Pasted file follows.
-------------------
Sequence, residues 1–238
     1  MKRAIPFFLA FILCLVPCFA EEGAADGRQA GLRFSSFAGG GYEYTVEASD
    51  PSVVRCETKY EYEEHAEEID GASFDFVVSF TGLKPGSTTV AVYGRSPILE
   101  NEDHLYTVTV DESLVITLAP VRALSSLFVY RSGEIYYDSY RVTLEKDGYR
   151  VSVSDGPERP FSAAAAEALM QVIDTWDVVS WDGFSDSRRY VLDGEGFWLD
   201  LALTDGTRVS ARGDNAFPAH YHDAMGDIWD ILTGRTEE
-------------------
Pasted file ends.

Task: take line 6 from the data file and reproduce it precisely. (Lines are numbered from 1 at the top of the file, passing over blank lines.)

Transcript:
   201  LALTDGTRVS ARGDNAFPAH YHDAMGDIWD ILTGRTEE